Because he’s little more than a three-point specialist—and because some ageless guy named Kobe plays the same position—Meeks won’t ever log huge minutes. But when he does get on the floor for a decent stretch, the sharpshooter almost always tosses in a few threes.
Against the Denver Nuggets on Nov. 30, he shot 7-for-8 from long range in the Lakers’ best offensive performance of the D’Antoni era.
The Lakers have plenty of issues on offense, but it shouldn’t be that difficult to make sure Meeks plays enough (and gets enough shots) to do what he does best.
D’Antoni can’t ignore the fact that when Meeks played at least 13 minutes, the Lakers were 5-1.
“Play me with Pau Gasol. It works, I swear.”
Anecdotally, it would make sense to pair Jordan Hill with Pau Gasol in the frontcourt. Gasol is basically a center anyway, and Hill can hit the occasional mid-range jumper. In addition, his ability to step out of the paint allows Gasol to work on the block, where he’s most effective.
The numbers support that thinking, too. Every single lineup the Lakers have used this year that features Gasol and Hill together has a positive plus-minus figure. In contrast, when Hill plays at the same time as Howard, only one out of three lineups has a positive rating.
Even worse, the Lakers’ least effective lineup (a five-man unit they’ve used all but five others) features Hill and Howard. That unit has a dreadful minus-29 rating for the year.
D’Antoni should definitely heed this piece of advice. Hill and Gasol are terrific together. Hill and Howard? Yikes.
“You should consider wholesale offense/defense substitutions.”
Some teams do it at the end of games when possessions matter a little more, but Mike D’Antoni should really consider swapping Antawn Jamison out of the lineup every time the Lakers head back on defense.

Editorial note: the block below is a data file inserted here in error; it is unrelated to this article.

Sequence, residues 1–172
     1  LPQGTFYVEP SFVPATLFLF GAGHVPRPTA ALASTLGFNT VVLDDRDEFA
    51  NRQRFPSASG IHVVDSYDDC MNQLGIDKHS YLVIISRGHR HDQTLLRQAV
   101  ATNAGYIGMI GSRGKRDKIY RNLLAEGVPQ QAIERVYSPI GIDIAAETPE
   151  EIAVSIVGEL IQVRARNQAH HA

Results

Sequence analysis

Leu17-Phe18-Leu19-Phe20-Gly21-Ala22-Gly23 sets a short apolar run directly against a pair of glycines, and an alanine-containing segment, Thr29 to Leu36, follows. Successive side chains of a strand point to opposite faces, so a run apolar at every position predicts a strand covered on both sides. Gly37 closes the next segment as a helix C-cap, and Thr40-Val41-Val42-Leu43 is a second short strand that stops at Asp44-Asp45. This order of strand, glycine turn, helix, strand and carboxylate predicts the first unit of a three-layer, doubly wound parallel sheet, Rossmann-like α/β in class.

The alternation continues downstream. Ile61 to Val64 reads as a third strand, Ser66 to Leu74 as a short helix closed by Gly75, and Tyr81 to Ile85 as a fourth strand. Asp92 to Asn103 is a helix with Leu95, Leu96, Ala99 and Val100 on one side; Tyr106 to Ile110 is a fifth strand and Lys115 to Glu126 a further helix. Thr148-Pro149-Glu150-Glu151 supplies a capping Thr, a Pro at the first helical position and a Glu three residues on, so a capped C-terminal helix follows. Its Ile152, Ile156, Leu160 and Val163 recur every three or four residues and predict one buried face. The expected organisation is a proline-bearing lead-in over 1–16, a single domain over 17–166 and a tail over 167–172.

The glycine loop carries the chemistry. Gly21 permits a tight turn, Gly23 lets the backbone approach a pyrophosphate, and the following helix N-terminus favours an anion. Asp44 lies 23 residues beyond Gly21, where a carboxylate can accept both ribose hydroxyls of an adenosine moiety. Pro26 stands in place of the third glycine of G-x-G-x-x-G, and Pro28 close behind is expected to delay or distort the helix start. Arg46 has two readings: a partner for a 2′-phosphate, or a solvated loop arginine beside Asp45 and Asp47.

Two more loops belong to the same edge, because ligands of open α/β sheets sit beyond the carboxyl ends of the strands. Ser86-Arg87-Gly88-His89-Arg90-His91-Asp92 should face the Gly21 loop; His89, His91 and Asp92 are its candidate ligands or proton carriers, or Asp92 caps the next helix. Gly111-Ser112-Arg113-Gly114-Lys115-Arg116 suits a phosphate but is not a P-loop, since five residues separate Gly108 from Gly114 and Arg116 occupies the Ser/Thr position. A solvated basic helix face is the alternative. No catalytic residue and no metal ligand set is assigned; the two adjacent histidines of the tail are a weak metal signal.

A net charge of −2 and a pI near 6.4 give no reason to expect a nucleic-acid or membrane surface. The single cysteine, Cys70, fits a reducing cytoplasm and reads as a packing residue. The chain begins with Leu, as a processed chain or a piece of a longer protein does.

Sure, it’d be tough, but there’s just no way the Lakers’ suddenly porous defense can survive with Jamison on the floor.
Now in his 15th year, the former Tarheel with the quirky, quick release is very much the same player he’s always been. Jamison has always scored plenty, but when asked to defend, he’s never been anything but terrible.
D’Antoni’s an innovative guy, so if anyone can figure out how to use Jamison as the basketball equivalent of a designated hitter, it’s him. Otherwise, the Lakers will continue to watch as Jamison promptly gives up on defense whatever he gets on offense.
“Always remember this, coach: I am never the answer to anything.”
Need scoring? Chris Duhon has averaged 6.7 points per game for his career. He's not the answer. Need efficient shooting? Duhon’s career field-goal percentage is under 40 percent. He's not the answer. Need a playmaker? Duhon is about as unspectacular as point guards get. He’s not the answer.
Maybe if this whole “Duhon is never the answer to anything” mantra gains a little steam, he’ll eventually become the answer to a pop culture trivia question: Who is never the answer to anything?
With Steve Nash’s broken fibula slow to heal and Steve Blake now out for an extended period with abdominal surgery in his future, Mike D’Antoni has a huge question mark at the point.
Guess who isn’t the answer.
“I hate to say it, coach, but I’m the best you’ve got.”
The point guard position has suffered all season long in Los Angeles. First, Steve Nash bit the dust. Then Steve Blake stepped on a parking garage spike strip, played horribly for two weeks and tore an abdominal. As we’ve covered already, Chris Duhon hasn’t provided any relief, either.
That leaves Darius Morris as D’Antoni’s last, best hope at the point.
While it’s not an ideal situation, the second-year player out of Michigan does give D’Antoni a few things to work with. He can hit a three, has excellent size at 6’4” and has the length to be a good defender.
He’s been losing minutes to Chris Duhon of late, but D’Antoni has to know that until Nash returns, Morris will have to play a big role. There’s really no other choice.
“Just when things look bad, keep in mind they can always get worse.”
Injured point guard Steve Blake doesn’t have the most positive advice for his coach, but we can forgive him for having a pessimistic outlook on things.
Poor Blake has suffered through freak injuries and declining play in the 2012-13 season. And now he’s going to be shelved for a 6-8 weeks with abdominal surgery. He hasn’t been the reason for the Lakers’ disappointing start, but he’s a pretty good symbol of the way things have been going.